May 30, 2011
Shadow Banking Scrutinized for Role in Financial Crisis
by Robert Kropp
A report from Standard & Poor's details the effect of unregulated financial institutions on the
financial crisis, and calls for regulatory oversight based on function rather than institutional
The Dodd-Frank Wall Street Reform and Consumer Protection Act contains a number of provisions
intended to increase regulatory oversight of the traditional banking industry. According to a
recently published report by Standard & Poor's (S&P) entitled Shadows No More: The Shadow
Banking System Steps into The Spotlight, the "legislation aims to strengthen traditional banks
and help protect the US financial system by boosting capital-adequacy standards, restricting
certain of the more-risky bank activities, and increasing consumer protections and transparency."
What Dodd-Frank does not do is increase regulatory oversight of what the report
terms shadow banking. In a webcast, Managing
Director Nik Khakee of S&P said, "The shadow banking industry includes any firms that transact in
any of the types of products or functions that banks do. For example, it includes hedge funds,
money market funds, private equity funds, and structured finance."
The report states,
"Shadow-banking players differ from traditional banks in three important ways. They don't typically
operate under bank regulatory supervision and thus often operate under differing capital, leverage,
and liquidity guidelines. They don't normally benefit from government capital support, such as
deposit insurance. And they don't benefit from the liquidity support available to regulated banks,
such as the ability to borrow from the Fed."
Khakee observed, "There is nothing in Dodd
Frank that is going to eliminate this two-tiered structure" of regulated banks and shadow banks.
Furthermore, although the report focuses on conditions on the US, it states, "The two-tier system
of banking and shadow banking is a global condition."
"By 2007, 40% of total financial
assets were being financed in the shadow banking sector," Khakee said in the webcast. When the
financial crisis struck in 2008, however, "Some large funds and investment vehicles could only stay
in business by selling assets at steep discounts," the report states. Furthermore, while banks
"received liquidity support from central bankers, including the Federal Reserve…some shadow-bank
players, ineligible for this support, collapsed."
An example of such a collapse occurred
in September 2008 at the Reserve Primary Fund, a giant money market fund, when its net asset value
"broke the buck" by falling below one dollar after writing off debt issued by the recently
bankrupted Lehman Brothers. In response, institutional investors withdrew billions of dollars from
money market funds, and the Treasury Department took the unprecedented step of providing $50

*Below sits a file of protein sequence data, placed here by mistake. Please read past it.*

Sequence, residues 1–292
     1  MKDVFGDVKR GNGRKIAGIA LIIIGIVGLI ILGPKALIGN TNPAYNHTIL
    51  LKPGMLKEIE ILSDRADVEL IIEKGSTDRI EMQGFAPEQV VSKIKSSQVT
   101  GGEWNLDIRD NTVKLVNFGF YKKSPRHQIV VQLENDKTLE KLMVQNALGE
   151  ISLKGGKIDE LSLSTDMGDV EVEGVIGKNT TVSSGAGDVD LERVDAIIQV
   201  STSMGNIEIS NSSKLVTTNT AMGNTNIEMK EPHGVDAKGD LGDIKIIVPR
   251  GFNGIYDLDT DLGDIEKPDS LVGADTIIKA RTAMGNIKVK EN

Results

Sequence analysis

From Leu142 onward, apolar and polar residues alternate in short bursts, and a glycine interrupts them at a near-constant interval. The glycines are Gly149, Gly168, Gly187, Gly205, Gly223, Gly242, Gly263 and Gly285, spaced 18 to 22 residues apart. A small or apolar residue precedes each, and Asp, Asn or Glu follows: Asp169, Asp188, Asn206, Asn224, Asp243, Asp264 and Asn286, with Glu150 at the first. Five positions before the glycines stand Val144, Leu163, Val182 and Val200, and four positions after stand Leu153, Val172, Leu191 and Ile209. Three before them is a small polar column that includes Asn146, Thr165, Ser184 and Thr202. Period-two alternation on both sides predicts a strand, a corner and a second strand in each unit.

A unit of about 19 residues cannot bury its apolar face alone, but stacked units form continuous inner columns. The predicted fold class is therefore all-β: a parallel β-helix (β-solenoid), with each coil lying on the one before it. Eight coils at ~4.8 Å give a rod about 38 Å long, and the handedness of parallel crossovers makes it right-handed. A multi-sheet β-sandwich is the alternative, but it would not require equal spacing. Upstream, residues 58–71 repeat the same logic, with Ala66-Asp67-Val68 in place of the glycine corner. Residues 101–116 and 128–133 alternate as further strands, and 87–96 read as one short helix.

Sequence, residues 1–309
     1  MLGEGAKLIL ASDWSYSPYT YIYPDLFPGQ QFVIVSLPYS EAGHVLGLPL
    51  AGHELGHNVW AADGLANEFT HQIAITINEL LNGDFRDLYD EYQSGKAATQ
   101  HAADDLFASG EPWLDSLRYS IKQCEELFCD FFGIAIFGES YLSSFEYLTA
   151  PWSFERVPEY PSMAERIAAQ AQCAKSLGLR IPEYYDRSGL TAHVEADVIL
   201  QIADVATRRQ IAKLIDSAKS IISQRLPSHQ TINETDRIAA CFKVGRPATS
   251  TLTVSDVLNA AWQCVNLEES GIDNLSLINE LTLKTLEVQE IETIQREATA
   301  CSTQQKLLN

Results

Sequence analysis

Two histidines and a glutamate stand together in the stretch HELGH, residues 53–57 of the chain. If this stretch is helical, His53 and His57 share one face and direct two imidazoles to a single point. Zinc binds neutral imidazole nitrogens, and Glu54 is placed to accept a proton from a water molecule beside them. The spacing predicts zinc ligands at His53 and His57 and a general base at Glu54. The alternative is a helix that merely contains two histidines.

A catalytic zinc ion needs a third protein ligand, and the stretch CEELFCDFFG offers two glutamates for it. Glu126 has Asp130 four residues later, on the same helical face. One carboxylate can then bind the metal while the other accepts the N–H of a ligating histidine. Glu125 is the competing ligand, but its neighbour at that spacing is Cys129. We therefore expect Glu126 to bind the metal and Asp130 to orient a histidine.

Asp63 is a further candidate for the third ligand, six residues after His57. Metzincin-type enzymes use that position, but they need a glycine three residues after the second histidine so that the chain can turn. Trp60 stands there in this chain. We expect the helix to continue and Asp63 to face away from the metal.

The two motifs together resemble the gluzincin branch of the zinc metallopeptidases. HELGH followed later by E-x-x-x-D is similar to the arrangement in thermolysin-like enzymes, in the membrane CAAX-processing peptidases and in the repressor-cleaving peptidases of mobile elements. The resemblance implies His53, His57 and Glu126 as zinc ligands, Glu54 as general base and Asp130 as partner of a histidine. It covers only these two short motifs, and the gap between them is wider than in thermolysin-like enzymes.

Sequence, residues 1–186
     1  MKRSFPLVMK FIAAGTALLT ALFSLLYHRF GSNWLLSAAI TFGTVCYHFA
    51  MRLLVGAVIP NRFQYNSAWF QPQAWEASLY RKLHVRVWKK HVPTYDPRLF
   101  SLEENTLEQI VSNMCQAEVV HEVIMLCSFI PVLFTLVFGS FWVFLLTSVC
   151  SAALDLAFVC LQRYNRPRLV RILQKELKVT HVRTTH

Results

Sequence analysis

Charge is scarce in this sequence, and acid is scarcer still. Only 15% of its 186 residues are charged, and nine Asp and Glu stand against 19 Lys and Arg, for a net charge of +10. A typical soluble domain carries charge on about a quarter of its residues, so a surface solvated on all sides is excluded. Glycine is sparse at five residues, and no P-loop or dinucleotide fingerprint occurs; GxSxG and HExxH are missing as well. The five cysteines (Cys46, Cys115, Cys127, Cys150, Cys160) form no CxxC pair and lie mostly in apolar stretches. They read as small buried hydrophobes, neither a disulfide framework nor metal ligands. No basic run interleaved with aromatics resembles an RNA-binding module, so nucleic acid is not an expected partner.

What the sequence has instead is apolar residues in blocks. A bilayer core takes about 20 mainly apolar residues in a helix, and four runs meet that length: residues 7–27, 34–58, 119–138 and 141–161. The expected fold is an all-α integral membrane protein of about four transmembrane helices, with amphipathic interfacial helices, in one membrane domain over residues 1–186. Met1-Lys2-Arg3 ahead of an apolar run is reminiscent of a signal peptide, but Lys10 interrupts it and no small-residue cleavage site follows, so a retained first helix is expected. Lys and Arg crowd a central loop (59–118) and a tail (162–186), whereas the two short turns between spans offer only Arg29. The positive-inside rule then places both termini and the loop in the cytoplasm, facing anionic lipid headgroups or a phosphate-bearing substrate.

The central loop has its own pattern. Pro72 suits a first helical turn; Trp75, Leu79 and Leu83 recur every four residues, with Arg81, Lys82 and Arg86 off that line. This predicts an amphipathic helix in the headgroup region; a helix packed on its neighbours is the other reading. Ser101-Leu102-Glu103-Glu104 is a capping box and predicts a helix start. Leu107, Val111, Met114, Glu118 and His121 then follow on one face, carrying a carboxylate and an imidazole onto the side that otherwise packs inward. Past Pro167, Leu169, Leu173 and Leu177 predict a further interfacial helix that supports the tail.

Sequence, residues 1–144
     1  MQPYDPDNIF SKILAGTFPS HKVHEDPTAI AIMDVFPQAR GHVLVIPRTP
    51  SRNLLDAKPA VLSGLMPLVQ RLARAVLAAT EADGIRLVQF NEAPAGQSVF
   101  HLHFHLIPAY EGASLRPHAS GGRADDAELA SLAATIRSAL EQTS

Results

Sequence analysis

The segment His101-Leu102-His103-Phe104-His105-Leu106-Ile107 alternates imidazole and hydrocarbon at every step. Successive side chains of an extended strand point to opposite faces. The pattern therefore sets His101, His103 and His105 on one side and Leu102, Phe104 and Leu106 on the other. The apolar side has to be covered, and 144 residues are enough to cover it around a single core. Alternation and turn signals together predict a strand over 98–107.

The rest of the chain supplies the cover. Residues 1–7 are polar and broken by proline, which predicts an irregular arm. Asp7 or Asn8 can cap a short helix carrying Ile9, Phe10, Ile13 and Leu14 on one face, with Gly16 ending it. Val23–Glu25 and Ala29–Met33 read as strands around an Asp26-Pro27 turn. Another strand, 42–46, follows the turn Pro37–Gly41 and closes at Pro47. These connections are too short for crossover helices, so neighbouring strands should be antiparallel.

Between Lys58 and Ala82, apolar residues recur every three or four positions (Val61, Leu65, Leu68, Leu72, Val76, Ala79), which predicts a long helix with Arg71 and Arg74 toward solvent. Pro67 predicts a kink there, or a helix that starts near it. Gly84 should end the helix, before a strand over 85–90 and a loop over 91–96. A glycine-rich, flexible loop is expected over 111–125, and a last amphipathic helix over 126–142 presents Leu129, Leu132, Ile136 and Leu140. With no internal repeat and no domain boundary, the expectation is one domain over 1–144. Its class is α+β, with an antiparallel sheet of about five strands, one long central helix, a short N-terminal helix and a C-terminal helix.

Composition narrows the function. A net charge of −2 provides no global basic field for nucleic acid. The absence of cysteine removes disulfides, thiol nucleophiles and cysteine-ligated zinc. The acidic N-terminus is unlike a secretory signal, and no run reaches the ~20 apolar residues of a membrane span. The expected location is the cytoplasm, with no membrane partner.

billion to guarantee the funds against losses that would force their share prices below a net asset
value of one dollar.
The retrenchment following the crisis brought the shadow banking
sector back down to 30% of total financial assets, according to Khakee. "But 30% is still a sizable
portion of total financial assets," he said.
Today, as the crisis recedes in the memories
of some and financial institutions seek a return to business as usual, the regulatory oversight of
banks mandated by Dodd-Frank may well lead banks to off-load such activities as proprietary trading
and hedge-fund investing into the shadow banking system, according to the report. "The derivatives
business, for example, where banks issue interest rate, currency, or credit-default swaps, is a
high-profile area of finance in which the shadow banking system might gain at the expense of
banks," the report states. "If that happens, the impact of such a shift, in our view, could be
counter to the regulatory objective of increasing the transparency of potentially risky financial
New reporting requirements mandated by Dodd-Frank are intended to increase
transparency in the financial reporting of traditional banks. However, the requirements do not
apply to the shadow banking sector, where, the report observes, transparency remains a "mixed bag"
"Fuller transparency in segments of the shadow system could alleviate the
potential for (a financial crisis) to happen again," the report states. "One way we see this
happening would be if financial entities were regulated by function rather than institutional
charter, so that a build-up of risk in any given product is not overlooked."
and shadow-banking corporate lending disclosure more consistent and comparable could reduce the
transparency trade-off that exists in the two-tier system," the report concludes.
of the things we should focus on are differences in capital requirements, differences in liquidity
requirements, and differences in transparency with regular reporting," Khakee said. "What types of
information do we want to see available to investors, and available to the public?"
Efforts to increase regulatory oversight of the shadow banking sector appear to be well
underway in Europe, where the Financial Stability Board (FSB) recently issued
recommendations to strengthen the oversight and regulation of the sector. The recommendations
include "possible regulatory measures to address the systemic risk and regulatory arbitrage
concerns posed by the shadow banking system," FSB stated.
"Authorities should cast the net
wide, looking at all non-bank credit intermediation to ensure that data gathering and surveillance
cover all the activities within which shadow banking-related risks might arise," the Board